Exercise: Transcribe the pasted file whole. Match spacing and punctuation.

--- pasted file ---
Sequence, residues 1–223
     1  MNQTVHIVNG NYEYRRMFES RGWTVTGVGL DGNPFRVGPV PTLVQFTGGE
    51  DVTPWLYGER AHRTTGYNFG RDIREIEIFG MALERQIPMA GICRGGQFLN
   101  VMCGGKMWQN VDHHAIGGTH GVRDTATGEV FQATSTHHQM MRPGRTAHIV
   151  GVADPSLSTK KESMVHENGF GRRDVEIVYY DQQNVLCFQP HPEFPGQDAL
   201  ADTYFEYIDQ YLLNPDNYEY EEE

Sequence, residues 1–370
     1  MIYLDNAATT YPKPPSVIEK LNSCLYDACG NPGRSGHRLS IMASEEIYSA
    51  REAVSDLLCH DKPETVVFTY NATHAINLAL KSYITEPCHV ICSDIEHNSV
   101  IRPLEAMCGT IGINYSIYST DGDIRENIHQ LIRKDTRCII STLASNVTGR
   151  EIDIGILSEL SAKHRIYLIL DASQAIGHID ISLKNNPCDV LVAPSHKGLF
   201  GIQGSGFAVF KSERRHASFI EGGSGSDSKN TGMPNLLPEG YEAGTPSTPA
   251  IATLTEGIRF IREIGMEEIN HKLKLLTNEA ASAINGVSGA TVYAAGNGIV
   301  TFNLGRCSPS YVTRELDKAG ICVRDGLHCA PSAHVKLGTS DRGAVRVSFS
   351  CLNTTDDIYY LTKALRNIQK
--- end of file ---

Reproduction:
Sequence, residues 1–223
     1  MNQTVHIVNG NYEYRRMFES RGWTVTGVGL DGNPFRVGPV PTLVQFTGGE
    51  DVTPWLYGER AHRTTGYNFG RDIREIEIFG MALERQIPMA GICRGGQFLN
   101  VMCGGKMWQN VDHHAIGGTH GVRDTATGEV FQATSTHHQM MRPGRTAHIV
   151  GVADPSLSTK KESMVHENGF GRRDVEIVYY DQQNVLCFQP HPEFPGQDAL
   201  ADTYFEYIDQ YLLNPDNYEY EEE

Sequence, residues 1–370
     1  MIYLDNAATT YPKPPSVIEK LNSCLYDACG NPGRSGHRLS IMASEEIYSA
    51  REAVSDLLCH DKPETVVFTY NATHAINLAL KSYITEPCHV ICSDIEHNSV
   101  IRPLEAMCGT IGINYSIYST DGDIRENIHQ LIRKDTRCII STLASNVTGR
   151  EIDIGILSEL SAKHRIYLIL DASQAIGHID ISLKNNPCDV LVAPSHKGLF
   201  GIQGSGFAVF KSERRHASFI EGGSGSDSKN TGMPNLLPEG YEAGTPSTPA
   251  IATLTEGIRF IREIGMEEIN HKLKLLTNEA ASAINGVSGA TVYAAGNGIV
   301  TFNLGRCSPS YVTRELDKAG ICVRDGLHCA PSAHVKLGTS DRGAVRVSFS
   351  CLNTTDDIYY LTKALRNIQK